2012 BMW Z4 SDrive28i: Dyno Tested
It's true, BMW is phasing out its traditional 3.0-liter inline-six and replacing it with a turbocharged four-cylinder. Across the board, no exceptions, the aspro mill will soon be gone -- finis, stick a fork in it.
The 2012 BMW Z4 SDrive28i is the first to receive the new four-pot heart, alongside the 2012 528i. We've only driven the sedan at a site far from our slide rules and abaci, but we did recently nab a Z4. After running its performance numbers at the test track, we did the right thing and strapped the Z4 to the dyno rollers.
Better get used to the idea of boosted Bimmers, because you won't find a normally aspirated BMW after 2013.
The idea of this downsizing and boosting is to bolster fuel economy, but anyone that's been around turbos knows that where there's boost, there's torque, too. BMW rates the N20 power plant in the 2012 Z4 thusly -- 258 lb-ft from 1250 to 4800 rpm, and 240 horsepower from 5000 to 6500 rpm. Visualize two straight lines with a downward kink at 5000 rpm, and there's your torque curve.
That's what you get on an engine dyno, not a chassis dyno. Due to differences in the way the two dyno types load engines (particularly turbocharged ones), you'll never see that much torque so low in the rev range on a chassis dyno.
>But this new turbo engine is still a healthy thing, exhibiting a nice, low boost threshold and a surprisingly linear nature. You have to intentionally drive like a tool to make it feel laggy. Don't drive like a tool. Problem solved.
Here's what we found on MD Automotive's Dynojet chassis dyno:
The Z4 churns out a usefully ample slice of torque from down low, reaching a peak of 249 lb-ft and remaining north of 200 lb-ft clear out to 5700 rpm. By the time you encounter the 7000 rpm rev limit, the party's well over and you should have shifted a couple hundred rpm ago.
That curious hole between 5300 to 5800 rpm was no fluke, as it was evident in every one of the dozen or so pulls I performed. There was no audible detonation at any point in this dyno exercise, but it's possible that timing is being pulled here due to our crappy 91 octane premium fuel. That's speculation, of course. In any case, were the hole filled in, peak power would have risen a bit from its observed 233 horsepower.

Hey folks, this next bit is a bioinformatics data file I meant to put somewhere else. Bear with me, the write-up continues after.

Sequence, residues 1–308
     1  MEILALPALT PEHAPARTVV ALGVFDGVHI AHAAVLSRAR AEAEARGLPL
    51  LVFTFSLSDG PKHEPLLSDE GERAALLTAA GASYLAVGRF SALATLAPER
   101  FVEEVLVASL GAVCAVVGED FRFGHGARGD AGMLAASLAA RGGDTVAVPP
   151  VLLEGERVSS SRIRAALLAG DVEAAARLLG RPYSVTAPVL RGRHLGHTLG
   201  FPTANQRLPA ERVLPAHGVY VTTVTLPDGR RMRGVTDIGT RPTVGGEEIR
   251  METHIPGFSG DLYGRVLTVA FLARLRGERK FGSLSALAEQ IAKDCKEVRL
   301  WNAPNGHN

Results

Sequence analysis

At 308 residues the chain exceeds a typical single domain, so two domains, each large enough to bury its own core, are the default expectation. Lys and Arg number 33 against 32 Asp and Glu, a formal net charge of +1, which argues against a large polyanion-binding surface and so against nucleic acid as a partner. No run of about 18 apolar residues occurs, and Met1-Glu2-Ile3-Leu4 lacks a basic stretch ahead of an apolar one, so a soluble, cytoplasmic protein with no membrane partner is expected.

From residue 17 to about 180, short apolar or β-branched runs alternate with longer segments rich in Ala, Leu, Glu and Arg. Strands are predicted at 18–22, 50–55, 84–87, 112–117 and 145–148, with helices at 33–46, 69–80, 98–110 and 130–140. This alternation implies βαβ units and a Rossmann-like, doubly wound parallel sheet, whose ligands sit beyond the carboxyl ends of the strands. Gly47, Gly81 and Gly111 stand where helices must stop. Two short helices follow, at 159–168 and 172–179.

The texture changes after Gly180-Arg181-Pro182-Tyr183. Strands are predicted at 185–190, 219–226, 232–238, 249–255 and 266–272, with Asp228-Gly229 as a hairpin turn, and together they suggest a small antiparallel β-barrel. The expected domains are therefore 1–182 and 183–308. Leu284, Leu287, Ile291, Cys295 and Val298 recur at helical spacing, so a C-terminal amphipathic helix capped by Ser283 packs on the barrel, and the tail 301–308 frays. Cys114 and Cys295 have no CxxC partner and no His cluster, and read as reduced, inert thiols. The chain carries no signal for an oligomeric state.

Boost comes seamlessly and with the faintest trace of turbo whine, and if you listen closely you can hear the compressor bypass valve make a little chuff when you lift the throttle. It makes just enough turbo-related sound to give it character, and not so much that anyone will mistake this for a boy-racer ride.
Looks good so far, but how does this German 2.0-liter turbocharged and direct-injected four cylinder compare to another, better-known German 2.0-liter turbocharged and direct-injected four cylinder? I'm glad you asked.
Simply put: if you like the GTI, you'll love the Z4. The character is similar, there's just more soup in the BMW's jar.
The Volkswagen sounds way better, though -- somehow, this Z4 sounds lazy and a bit trucky, like it's been hanging out with a Viper V10 too much. Shame about that part. Indeed, it might be the sole trait in which BMW's erstwhile straight six holds an edge over the new turbo four.